• In one embodiment, the invention is a method. A query for a web search is received from a user, via a network, wherein the query comprises a plurality of query tokens. One or more concepts are identified in the query, using at least one computing device, wherein each of concepts comprises at least two query tokens of the plurality of query tokens. A respective relative concept strength is determined using the computing device, for each of the identified concepts. The query is then rewritten for submission to a search engine, using the at least one computing device, wherein for each of the one or more concepts, a syntax rule associated with the respective relative concept strength of the concept is applied to the query tokens comprising the concept, such that the rewritten query represents the one or more concepts.
  • In another embodiment, the invention is a system comprising: a query receiving module that receives queries for a web searches from a user, via a network, wherein each query comprises a plurality of query tokens; a concept identification module that identifies one or more concepts in each query received by the query receiving module, wherein each of the concepts comprises at least two query tokens of the plurality of query tokens; a concept strength determination module that determines a respective relative concept strength for each of the concepts in each query processed by the concept identification module; and a query rewriting module that rewrites each query processed by the concept identification module and the concept strength determination module for submission to a search engine, wherein for each of the concepts within each query, a syntax rule associated with the respective relative concept strength of the concept is applied to the tokens comprising the concept, such that the rewritten queries represent the one or more concepts.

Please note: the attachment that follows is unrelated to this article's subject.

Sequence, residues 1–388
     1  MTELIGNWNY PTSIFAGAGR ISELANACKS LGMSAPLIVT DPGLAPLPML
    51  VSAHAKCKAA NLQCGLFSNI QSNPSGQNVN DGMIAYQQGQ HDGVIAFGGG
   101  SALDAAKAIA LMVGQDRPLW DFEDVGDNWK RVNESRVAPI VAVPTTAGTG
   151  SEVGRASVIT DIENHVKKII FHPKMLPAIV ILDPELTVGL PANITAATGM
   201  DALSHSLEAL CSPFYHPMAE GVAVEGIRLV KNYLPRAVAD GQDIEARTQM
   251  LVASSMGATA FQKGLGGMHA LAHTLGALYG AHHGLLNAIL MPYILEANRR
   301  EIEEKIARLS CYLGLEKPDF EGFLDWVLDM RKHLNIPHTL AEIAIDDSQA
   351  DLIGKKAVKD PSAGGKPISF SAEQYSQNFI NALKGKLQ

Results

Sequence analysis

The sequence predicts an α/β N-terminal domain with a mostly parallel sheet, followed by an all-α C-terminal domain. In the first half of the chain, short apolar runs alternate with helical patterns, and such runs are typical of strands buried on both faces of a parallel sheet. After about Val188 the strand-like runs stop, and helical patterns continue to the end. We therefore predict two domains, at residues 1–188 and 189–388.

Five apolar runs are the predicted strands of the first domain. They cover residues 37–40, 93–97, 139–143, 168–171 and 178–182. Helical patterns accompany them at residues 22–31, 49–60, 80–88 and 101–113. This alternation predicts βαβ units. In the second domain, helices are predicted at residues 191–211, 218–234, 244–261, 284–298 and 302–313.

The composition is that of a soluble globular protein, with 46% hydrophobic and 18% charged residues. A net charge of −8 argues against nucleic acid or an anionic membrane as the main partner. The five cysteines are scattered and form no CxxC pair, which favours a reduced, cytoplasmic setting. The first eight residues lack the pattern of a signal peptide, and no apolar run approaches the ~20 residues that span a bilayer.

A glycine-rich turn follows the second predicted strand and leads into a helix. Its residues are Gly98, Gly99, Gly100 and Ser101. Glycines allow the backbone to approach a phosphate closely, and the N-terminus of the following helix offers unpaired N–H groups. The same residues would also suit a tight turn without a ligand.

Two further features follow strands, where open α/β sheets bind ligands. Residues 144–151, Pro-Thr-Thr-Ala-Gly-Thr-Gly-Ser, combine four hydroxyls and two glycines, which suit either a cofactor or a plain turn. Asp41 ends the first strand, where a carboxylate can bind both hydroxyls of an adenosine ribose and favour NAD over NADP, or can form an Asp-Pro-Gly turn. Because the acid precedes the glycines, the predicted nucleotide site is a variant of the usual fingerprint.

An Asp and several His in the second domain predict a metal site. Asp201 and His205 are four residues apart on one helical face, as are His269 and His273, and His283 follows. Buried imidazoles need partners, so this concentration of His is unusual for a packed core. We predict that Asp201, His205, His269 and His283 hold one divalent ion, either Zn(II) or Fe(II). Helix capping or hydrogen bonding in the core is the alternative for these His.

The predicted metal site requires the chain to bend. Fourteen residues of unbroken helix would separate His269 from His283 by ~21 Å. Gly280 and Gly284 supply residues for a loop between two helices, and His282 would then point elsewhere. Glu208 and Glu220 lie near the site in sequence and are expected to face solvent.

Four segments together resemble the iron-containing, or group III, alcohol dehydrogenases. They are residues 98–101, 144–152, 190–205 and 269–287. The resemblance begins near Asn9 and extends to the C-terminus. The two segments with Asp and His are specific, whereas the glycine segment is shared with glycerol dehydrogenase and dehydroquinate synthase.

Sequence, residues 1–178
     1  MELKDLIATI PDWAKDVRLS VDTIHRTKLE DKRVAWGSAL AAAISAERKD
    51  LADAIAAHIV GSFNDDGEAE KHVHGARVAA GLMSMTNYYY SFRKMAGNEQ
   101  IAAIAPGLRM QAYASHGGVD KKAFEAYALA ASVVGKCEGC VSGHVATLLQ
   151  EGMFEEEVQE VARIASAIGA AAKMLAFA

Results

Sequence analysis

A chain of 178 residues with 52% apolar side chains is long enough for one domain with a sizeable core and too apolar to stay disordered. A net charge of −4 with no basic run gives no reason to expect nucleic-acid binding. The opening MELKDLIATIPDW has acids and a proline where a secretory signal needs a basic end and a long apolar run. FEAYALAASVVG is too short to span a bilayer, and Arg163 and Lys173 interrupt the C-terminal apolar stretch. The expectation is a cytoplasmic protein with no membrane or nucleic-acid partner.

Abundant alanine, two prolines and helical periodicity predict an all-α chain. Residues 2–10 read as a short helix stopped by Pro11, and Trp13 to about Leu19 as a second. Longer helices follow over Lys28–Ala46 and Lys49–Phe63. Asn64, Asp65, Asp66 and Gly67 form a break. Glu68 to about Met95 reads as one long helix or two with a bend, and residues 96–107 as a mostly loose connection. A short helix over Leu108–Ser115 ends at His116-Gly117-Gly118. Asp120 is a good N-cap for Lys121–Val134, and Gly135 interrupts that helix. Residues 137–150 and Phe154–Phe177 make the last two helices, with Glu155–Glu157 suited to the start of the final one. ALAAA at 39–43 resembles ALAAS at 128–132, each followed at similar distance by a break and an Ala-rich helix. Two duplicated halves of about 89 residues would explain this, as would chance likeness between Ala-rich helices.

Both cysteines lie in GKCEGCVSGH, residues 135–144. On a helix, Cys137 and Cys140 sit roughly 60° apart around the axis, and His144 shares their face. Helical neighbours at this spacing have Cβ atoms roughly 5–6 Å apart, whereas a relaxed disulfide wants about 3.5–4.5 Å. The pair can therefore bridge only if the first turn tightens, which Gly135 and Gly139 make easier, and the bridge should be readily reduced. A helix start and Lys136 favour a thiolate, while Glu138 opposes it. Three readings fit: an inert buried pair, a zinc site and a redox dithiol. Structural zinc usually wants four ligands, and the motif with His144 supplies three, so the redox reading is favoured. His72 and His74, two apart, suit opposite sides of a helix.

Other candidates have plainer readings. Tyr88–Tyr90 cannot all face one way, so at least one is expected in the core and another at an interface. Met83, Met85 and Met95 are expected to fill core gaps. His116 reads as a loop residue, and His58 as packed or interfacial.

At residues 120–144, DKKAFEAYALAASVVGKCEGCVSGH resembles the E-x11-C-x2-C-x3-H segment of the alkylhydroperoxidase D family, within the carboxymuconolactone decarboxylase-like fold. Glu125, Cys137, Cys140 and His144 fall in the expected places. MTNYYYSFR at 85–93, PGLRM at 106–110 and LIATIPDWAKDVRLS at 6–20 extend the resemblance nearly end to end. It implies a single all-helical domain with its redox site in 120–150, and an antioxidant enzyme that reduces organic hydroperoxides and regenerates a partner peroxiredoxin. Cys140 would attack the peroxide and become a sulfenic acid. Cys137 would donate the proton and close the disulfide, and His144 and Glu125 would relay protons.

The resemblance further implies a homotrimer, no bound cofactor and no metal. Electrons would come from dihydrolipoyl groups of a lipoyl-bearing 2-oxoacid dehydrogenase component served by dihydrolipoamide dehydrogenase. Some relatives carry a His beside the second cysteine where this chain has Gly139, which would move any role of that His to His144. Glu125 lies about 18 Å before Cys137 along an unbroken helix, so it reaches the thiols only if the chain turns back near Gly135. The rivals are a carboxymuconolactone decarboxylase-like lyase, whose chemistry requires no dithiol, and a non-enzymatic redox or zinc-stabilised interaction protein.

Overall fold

• BRIEF DESCRIPTION OF THE DRAWINGS
  • The foregoing and other objects, features, and advantages of the invention will be apparent from the following more particular description of preferred embodiments as illustrated in the accompanying drawings, in which reference characters refer to the same parts throughout the various views. The drawings are not necessarily to scale, emphasis instead being placed upon illustrating principles of the invention.
  • FIG. 1 illustrates a high-level diagram of a system capable of supporting at least one embodiment of a system for improved search relevance using proximity boosting.
  • FIG. 2 illustrates one embodiment of a process for improved search relevance using query rewriting to boost proximity in search results.
  • FIG. 3 illustrates one embodiment of a query rewriting engine and a search engine capable of supporting at least one embodiment of the process shown in FIG. 2.
  • DETAILED DESCRIPTION